Here's another way the royal family is different from the rest of us.

By Stacey Leasca
January 10, 2021
Advertisement
Prince William holding hands with son Prince George as they exit airplane
Credit: Andrew Chin/Getty Images

The British royal family may appear to have it all, but when it comes to freedom of choice, that's where they fall short. Even when it comes to how they choose to travel together. 

From not being able to eat shellfish or going to bed before the Queen, there are many rules family members must follow to stay in Her Majesty's good graces. And, there's one more big rule they must follow as well, and that is to avoid ever flying on the same plane together. 

As Business Insider reported, it is an unwritten rule that the senior members of the royal family should avoid all traveling together in one plane in the extreme off-chance that tragedy strikes. This means Prince William technically should never be on board the same flight as either his father or his own children, for that matter.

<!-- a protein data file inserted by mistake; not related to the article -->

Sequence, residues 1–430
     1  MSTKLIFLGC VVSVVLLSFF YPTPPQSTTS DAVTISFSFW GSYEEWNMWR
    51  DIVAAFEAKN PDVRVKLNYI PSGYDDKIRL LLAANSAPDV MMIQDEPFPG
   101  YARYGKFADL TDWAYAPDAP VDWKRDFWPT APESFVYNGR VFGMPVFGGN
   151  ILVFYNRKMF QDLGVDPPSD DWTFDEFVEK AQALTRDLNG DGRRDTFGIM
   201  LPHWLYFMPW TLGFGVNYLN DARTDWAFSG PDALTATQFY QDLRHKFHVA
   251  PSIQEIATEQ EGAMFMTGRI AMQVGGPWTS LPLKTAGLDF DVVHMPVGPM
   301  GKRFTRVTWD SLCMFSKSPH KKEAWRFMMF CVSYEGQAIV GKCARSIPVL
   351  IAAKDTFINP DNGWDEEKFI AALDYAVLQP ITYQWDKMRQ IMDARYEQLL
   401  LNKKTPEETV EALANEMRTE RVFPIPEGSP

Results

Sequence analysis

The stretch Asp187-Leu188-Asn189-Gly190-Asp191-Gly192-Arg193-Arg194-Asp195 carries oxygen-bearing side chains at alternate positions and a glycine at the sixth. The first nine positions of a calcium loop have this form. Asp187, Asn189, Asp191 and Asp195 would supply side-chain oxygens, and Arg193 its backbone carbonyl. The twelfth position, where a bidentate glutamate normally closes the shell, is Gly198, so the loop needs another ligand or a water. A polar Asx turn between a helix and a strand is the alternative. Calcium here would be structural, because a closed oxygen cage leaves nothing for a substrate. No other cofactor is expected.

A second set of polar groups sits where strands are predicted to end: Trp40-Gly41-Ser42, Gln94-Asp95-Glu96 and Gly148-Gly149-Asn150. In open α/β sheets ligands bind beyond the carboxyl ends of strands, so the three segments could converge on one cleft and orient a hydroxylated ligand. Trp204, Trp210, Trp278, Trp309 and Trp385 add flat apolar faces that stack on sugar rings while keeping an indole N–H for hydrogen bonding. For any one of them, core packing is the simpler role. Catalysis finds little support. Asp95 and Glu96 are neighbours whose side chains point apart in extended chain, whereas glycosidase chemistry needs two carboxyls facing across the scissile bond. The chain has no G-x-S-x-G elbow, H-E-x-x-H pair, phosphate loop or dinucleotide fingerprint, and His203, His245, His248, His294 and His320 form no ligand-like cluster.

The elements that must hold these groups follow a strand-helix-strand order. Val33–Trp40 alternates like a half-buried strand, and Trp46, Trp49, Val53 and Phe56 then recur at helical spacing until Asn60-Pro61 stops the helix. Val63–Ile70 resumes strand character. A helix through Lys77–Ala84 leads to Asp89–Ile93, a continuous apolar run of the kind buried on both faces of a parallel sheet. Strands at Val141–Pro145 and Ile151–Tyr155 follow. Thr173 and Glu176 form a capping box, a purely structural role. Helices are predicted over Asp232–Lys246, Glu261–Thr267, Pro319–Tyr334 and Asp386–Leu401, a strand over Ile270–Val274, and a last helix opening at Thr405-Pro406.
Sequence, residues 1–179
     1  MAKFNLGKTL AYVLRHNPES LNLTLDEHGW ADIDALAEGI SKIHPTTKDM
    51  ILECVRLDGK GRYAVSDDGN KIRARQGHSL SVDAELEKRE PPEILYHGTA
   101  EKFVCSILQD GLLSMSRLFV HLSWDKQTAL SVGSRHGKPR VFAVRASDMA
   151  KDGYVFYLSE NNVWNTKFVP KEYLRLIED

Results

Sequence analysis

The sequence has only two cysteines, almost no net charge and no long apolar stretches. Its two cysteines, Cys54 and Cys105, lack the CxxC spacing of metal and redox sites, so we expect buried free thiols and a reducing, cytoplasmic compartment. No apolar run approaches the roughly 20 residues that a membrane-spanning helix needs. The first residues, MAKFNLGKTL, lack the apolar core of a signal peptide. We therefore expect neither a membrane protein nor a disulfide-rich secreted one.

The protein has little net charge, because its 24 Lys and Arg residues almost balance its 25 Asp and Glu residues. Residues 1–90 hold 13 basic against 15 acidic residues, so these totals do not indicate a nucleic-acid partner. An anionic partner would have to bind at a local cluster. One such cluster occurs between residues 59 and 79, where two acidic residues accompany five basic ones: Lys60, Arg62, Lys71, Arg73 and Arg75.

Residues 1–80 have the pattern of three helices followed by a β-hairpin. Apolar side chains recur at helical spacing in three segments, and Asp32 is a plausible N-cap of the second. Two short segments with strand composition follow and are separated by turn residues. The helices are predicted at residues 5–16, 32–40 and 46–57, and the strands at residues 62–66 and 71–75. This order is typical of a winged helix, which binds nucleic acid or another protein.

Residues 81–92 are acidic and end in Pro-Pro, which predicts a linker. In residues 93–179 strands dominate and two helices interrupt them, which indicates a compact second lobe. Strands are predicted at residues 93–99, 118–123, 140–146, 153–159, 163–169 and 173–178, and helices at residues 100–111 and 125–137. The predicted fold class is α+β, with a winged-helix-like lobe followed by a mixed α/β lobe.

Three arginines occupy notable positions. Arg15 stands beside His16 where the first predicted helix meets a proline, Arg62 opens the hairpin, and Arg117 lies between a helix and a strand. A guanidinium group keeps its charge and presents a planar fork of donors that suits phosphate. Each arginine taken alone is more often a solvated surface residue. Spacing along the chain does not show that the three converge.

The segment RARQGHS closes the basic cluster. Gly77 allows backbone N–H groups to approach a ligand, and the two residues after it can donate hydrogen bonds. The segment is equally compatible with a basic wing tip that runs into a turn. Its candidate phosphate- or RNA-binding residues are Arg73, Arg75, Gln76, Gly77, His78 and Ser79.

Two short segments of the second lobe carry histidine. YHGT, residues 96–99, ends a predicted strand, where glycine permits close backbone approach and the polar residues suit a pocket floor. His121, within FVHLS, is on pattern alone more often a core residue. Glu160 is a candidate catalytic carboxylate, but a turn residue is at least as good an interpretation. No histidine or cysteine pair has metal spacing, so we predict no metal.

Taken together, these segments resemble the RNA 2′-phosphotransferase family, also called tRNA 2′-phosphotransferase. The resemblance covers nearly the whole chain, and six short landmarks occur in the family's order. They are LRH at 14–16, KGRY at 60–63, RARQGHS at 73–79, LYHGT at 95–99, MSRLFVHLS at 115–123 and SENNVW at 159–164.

However, that rule became rather impractical for William and his wife, Kate Middleton, as traveling separately from three small children would be rather tricky. So, in 2014, following the birth of Prince George, William and Kate asked the Queen for special permission to all fly together for their tour of Australia.

"They had to ask the Queen for permission, but she said yes," the royal press office told BBC's Newsround. The spokesperson added, "While there is no official rule on this, and royal heirs have traveled together in the past, it is something that the Queen has the final say on."

Elle further reported, the likely reason the Queen felt it was okay to say yes then is because aviation has become increasingly safe over the last several decades, much more so than when this royal rule was likely implemented.  

Of course, Prince William, Kate, and the kids — including George and his younger siblings Princess Charlotte and Prince Louis —  have all traveled extensively together since 2014, meaning this rule could be in the dust. But, maybe they should continue to ask grandma for permission just in case. 

Stacey Leasca is a journalist, photographer, and media professor. Send tips and follow her on Instagram now.